I heard something, then saw my dad in his van, beckoning me to hurry. “How could Dad be here?” I wondered, but still I hurried to him . . . and safety.
We visited my parents’ graves at Logan Valley Cemetery, located across from the high school. A cousin I haven’t seen in decades had left flowers at my dad’s grave. His flag holder for veterans still has a metal medallion. The newer medallions are plastic thanks to theft. Once upon a time I was young enough to find it shocking someone would steal the flag holder from a veteran’s grave.
In Sinking Valley, this little mare and her young’un attract customers to Hilltop Farm. There’s also a wee donkey.
On to Whipple Dam State Park, which was new to me. It’s yet another part of our legacy from the Civilian Conservation Corps. As it was Labor Day and central Pennsylvania isn’t rich with beaches, a college-age crowd had gathered at Whipple Dam’s postage stamp of sand to play volleyball and stand in the relatively shallow water. Despite the crowd, the surrounding woods gave the lake and beach an isolated feeling that reminded me of Pewit’s Nest in Wisconsin.
We’d passed the road to Shaver Creek Environmental Center and stopped on the way back. The buildings were closed for the holiday, so we relaxed on the deck’s Adirondack chairs. I kept hoping to hear a creek.
On the way to the park, V. spotted a plant she thought might be teaberry (ICE CREAM!). According to the folks of iNaturalist, it’s partridgeberry. Pretty, but perhaps not as weirdly tasty as teaberry. If you can’t get teaberry ice cream, try Clark’s teaberry gum. You won’t thank me, I think. It’s an acquired taste, associated with childhood 50 years ago.
I’ve seen vintage photos and postcards for sale, and even bought a few myself, such as postcards of Starved Rock State Park.
I understand wanting postcards, souvenirs of places that have disappeared, changed, or survived — time capsules of a not-too-distant, recognizable past.
It’s harder for me to understand buying mundane photos of regular people the buyer never knew. Do they hope the photos will turn out to be valuable? Do they want to make up stories about the unknown, deceased-these-many-years people? Do they pretend strangers are their own family members, giving them names and histories? Or do they simply want to add old photos to their decor for a vintage look?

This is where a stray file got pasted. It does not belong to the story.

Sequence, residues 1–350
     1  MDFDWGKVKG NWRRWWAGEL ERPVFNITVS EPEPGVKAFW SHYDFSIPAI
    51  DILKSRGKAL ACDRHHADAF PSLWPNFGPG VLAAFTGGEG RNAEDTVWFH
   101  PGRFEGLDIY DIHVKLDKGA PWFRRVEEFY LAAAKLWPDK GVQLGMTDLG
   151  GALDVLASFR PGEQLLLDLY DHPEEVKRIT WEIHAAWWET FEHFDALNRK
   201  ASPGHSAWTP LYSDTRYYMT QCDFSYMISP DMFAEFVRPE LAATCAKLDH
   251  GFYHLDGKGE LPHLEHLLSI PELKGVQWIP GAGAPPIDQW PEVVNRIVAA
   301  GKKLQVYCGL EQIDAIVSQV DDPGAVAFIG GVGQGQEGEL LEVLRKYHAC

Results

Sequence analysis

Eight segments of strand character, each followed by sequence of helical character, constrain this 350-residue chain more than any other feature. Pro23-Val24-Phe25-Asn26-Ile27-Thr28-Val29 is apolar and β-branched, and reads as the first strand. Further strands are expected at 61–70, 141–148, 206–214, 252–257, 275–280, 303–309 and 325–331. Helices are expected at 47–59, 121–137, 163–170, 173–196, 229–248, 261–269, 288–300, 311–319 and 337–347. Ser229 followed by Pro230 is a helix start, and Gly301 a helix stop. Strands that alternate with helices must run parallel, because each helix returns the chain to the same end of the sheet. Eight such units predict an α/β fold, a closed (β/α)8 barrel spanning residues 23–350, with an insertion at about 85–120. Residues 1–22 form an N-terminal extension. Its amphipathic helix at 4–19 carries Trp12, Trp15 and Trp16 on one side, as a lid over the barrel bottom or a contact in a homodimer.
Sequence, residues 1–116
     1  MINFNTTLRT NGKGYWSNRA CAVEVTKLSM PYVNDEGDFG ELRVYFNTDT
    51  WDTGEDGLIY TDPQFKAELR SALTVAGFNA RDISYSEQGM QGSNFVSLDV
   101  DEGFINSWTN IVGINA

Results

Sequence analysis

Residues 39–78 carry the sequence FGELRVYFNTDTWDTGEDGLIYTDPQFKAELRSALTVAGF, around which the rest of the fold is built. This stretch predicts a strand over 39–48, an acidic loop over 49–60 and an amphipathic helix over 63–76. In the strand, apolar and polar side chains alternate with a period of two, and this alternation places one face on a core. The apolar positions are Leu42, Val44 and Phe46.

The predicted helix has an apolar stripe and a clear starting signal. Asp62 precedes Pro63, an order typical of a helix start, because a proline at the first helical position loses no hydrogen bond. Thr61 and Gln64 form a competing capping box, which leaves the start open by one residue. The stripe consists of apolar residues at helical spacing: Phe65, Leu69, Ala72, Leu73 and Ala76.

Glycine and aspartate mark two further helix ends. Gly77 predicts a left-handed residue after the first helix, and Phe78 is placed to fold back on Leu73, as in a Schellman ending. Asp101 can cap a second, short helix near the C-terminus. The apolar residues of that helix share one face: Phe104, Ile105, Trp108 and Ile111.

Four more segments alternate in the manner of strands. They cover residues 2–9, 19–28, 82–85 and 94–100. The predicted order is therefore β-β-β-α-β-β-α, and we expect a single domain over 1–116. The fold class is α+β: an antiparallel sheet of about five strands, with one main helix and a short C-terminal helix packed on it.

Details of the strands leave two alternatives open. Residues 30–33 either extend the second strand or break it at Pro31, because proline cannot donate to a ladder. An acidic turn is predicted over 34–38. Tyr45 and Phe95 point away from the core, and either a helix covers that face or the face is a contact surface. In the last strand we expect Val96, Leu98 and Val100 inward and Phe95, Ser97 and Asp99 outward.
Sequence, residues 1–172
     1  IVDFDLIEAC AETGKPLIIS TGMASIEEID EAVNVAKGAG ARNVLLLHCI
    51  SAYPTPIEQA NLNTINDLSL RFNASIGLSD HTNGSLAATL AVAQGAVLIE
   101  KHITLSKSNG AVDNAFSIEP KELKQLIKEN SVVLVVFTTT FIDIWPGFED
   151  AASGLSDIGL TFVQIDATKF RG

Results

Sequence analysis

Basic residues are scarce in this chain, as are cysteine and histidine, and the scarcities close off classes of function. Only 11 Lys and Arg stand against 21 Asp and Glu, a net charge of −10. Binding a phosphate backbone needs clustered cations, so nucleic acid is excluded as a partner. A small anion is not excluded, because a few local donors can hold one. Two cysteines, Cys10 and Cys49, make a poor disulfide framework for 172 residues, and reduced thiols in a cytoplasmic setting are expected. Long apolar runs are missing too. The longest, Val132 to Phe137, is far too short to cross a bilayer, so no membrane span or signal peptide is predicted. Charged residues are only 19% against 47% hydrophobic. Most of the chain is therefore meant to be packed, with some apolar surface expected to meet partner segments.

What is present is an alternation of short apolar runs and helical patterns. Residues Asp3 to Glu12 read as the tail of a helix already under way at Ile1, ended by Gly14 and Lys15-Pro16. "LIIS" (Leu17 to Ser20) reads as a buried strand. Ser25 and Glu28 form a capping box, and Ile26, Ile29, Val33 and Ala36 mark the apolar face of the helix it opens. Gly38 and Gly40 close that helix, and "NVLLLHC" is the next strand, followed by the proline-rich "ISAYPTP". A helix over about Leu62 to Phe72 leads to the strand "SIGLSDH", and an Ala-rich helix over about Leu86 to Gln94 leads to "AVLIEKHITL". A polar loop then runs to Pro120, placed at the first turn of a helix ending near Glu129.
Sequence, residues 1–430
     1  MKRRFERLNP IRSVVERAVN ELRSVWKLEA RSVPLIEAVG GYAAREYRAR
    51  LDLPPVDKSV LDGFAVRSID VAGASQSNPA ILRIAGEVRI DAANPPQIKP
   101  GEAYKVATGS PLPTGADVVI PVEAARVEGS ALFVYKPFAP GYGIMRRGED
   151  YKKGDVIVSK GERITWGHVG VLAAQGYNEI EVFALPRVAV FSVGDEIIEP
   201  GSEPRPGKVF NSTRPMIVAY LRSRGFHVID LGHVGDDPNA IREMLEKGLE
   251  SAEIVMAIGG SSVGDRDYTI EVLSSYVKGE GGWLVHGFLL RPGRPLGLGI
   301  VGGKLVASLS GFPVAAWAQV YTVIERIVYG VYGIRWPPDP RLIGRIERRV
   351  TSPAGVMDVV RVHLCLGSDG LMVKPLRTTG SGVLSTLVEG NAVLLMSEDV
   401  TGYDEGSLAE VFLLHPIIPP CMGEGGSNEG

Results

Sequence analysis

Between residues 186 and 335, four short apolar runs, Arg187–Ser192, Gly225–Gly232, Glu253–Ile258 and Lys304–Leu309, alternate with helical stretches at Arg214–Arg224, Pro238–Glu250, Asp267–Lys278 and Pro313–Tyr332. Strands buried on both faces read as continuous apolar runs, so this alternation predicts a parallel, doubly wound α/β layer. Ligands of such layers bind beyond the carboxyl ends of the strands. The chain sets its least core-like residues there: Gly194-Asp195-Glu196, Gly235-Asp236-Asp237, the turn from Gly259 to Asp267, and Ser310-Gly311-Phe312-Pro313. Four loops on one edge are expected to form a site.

I was thinking about this when going through two shoeboxes of family photos. I’d finally found the perfect scanner for small photos (e.g., 4” x 6”). Many of my oldest photos are smaller. Some have typewritten captions on the back. I suspect these were added by Aunt Marietta, who after World War II became an executive assistant with the Atomic Energy Commission, later the Nuclear Regulatory Commission. I don’t think anyone else would have had access to a typewriter.
Some have handwritten captions. Many aren’t labeled — no subject, location, or date. Dad labeled most of his photos, at least later. I think these random, unlabeled photos frustrated him — even though he knew most of the subjects. I wonder what a photo buyer would make of them?
I don’t know what to make of some of them myself. There’s a little blonde girl who is not the daughter of my mother’s best friend. (She agreed it’s not her.) There are a boy and a girl. The boy could be my brother, but he doesn’t recognize the girl. two of my aunts are posed with a taller man. I can only guess he may have been Harold, a brother had had epilepsy and died before he reached 21.
I have two shoe boxes and a suitcase of my dad’s photos and a lot of scanning to do of the people photos. When he moved to Pennsylvania to be closer to family, he threatened to throw out every photo. Panicked, I hastily communicated he was not to toss a single photo, and I would take them. I was shocked, but he was in a purging mood. Who knows? A buyer may have wanted them.
All this is a long way of saying to expect to see small vintage photos posted here once in a while, along with anything I know and think about them.